“I don’t really like relying entirely on news reports," said Safina. "And I have a different kind of eye for wildlife and conservation so I really had to see this for myself.”
Using his extensive training as an ecologist, Safina documented his latest trip to the gulf as he flew over the source of the spill.
"What struck me is how much wider the affected area had grown," Safina told NBCNewYork. "There's no open water without at least visible oil on it for quite a few miles. I would guess [there are] at least a hundred square miles around the blow out site."
The estimates of how much oil is actually flowing are very crude at this point. Before the containment cap was put on, the government said 20,000 to 40,000 barrels a day spilled into the gulf. But that was after earlier estimates of a 1,000 to 12,000 barrels a day.
“The oil is toxic and the dispersant they are using is toxic as well," said Safina. "The dispersant dissolves the oil and takes it down into the water. I don't think they should have done that. But I think they did it to hide the evidence, because in the end, they will be judged by how much oil was spilled into the ocean.”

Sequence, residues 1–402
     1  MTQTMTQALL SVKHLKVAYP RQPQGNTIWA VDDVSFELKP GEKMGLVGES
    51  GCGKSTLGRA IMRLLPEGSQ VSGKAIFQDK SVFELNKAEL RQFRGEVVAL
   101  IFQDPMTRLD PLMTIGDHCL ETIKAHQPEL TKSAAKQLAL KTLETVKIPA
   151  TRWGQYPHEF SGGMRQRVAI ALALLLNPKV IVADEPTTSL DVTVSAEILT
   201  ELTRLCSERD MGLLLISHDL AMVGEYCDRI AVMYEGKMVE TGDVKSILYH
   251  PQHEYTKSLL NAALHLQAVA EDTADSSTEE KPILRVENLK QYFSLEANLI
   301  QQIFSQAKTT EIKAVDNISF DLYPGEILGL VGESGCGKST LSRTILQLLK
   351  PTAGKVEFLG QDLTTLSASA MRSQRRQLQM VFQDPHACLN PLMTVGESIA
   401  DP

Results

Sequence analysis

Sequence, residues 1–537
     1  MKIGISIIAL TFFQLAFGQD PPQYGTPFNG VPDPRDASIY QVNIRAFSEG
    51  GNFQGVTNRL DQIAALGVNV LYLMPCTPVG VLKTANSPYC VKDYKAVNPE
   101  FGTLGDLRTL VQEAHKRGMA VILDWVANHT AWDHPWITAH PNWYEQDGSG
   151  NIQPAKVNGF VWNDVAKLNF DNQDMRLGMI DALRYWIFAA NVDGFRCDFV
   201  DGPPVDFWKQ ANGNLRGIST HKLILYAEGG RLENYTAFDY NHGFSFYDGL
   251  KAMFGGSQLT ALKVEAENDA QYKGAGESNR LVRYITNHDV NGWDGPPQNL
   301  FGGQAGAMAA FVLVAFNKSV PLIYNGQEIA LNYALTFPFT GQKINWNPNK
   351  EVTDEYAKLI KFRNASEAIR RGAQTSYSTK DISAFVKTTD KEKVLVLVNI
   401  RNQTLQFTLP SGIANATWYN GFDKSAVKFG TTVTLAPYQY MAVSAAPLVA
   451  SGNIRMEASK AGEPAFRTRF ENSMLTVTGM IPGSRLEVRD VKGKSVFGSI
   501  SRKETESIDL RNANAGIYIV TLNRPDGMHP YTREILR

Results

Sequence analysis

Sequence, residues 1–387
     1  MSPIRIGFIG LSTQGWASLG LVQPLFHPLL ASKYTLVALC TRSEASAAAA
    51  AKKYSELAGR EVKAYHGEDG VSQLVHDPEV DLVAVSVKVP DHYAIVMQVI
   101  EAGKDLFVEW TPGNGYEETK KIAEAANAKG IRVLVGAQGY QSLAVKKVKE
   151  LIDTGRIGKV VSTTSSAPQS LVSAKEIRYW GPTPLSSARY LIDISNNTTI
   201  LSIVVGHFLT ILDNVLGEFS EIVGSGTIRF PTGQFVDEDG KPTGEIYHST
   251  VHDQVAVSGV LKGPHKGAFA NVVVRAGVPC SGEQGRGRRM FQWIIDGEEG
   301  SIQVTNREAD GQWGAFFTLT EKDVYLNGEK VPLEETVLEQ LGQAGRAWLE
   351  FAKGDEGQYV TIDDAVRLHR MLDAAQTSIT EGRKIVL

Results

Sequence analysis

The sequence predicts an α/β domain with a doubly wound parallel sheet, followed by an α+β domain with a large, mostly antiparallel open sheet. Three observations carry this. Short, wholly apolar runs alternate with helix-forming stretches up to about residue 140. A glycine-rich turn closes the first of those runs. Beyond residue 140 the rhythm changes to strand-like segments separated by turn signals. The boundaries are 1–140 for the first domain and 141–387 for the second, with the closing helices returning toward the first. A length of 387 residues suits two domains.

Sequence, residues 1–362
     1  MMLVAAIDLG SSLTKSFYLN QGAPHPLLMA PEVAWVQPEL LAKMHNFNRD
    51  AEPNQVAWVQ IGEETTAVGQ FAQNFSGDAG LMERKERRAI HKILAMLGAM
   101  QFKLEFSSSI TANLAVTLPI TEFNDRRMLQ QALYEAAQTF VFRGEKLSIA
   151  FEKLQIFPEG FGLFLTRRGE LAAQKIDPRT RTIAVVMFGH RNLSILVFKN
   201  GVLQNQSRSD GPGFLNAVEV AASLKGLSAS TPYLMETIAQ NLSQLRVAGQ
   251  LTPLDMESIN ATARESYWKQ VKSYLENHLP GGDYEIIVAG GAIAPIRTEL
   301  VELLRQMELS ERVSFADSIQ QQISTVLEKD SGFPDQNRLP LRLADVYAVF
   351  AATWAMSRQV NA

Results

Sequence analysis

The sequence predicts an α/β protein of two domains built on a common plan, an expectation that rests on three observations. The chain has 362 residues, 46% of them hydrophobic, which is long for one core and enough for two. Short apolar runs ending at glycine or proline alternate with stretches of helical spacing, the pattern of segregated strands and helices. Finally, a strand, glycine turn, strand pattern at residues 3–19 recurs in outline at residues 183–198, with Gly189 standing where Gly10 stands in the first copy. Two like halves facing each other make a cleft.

While Safina said the ecological system will bounce back, eventually, life for residents will take much longer to get back to normal. The oil spill has closed beaches and endangered the local economy. Fishermen cannot fish out of toxic waters and charter boat owners cannot take groups out to fish. Real estate agents have had to return deposits for summer rentals because no one wants to travel and vacation on tainted beaches.
Safina has traveled far and wide to cover ecological disaster but he fears this situation in particular will have far reaching consequences because of its location -- and he told that to lawmakers when he testified before Congress last month.
“This is by far the most completely unpleasant and at times overwhelmingly sad trip," he said. "Sometimes you get to the point where you can't take it anymore, it just makes you so angry.”